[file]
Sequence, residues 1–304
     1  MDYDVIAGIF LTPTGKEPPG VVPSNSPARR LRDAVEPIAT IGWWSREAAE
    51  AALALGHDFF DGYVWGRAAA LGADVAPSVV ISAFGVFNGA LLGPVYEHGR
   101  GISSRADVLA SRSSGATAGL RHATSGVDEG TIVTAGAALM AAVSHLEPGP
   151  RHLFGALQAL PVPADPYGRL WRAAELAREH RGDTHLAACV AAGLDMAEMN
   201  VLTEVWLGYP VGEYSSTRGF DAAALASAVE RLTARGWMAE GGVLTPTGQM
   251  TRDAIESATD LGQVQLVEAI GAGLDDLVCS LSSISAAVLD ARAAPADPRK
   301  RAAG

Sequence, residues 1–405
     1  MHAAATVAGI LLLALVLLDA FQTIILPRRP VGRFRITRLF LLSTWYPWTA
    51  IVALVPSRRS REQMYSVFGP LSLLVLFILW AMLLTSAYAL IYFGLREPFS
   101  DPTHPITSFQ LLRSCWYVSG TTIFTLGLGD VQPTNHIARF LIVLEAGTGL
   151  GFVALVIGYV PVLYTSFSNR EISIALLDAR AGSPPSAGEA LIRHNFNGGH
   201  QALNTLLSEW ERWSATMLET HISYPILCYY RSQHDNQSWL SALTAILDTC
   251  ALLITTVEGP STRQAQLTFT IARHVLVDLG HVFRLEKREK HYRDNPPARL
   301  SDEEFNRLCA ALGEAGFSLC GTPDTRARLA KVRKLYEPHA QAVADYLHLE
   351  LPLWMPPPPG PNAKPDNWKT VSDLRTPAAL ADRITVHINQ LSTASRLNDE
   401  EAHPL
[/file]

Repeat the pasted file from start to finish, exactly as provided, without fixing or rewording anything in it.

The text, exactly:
Sequence, residues 1–304
     1  MDYDVIAGIF LTPTGKEPPG VVPSNSPARR LRDAVEPIAT IGWWSREAAE
    51  AALALGHDFF DGYVWGRAAA LGADVAPSVV ISAFGVFNGA LLGPVYEHGR
   101  GISSRADVLA SRSSGATAGL RHATSGVDEG TIVTAGAALM AAVSHLEPGP
   151  RHLFGALQAL PVPADPYGRL WRAAELAREH RGDTHLAACV AAGLDMAEMN
   201  VLTEVWLGYP VGEYSSTRGF DAAALASAVE RLTARGWMAE GGVLTPTGQM
   251  TRDAIESATD LGQVQLVEAI GAGLDDLVCS LSSISAAVLD ARAAPADPRK
   301  RAAG

Sequence, residues 1–405
     1  MHAAATVAGI LLLALVLLDA FQTIILPRRP VGRFRITRLF LLSTWYPWTA
    51  IVALVPSRRS REQMYSVFGP LSLLVLFILW AMLLTSAYAL IYFGLREPFS
   101  DPTHPITSFQ LLRSCWYVSG TTIFTLGLGD VQPTNHIARF LIVLEAGTGL
   151  GFVALVIGYV PVLYTSFSNR EISIALLDAR AGSPPSAGEA LIRHNFNGGH
   201  QALNTLLSEW ERWSATMLET HISYPILCYY RSQHDNQSWL SALTAILDTC
   251  ALLITTVEGP STRQAQLTFT IARHVLVDLG HVFRLEKREK HYRDNPPARL
   301  SDEEFNRLCA ALGEAGFSLC GTPDTRARLA KVRKLYEPHA QAVADYLHLE
   351  LPLWMPPPPG PNAKPDNWKT VSDLRTPAAL ADRITVHINQ LSTASRLNDE
   401  EAHPL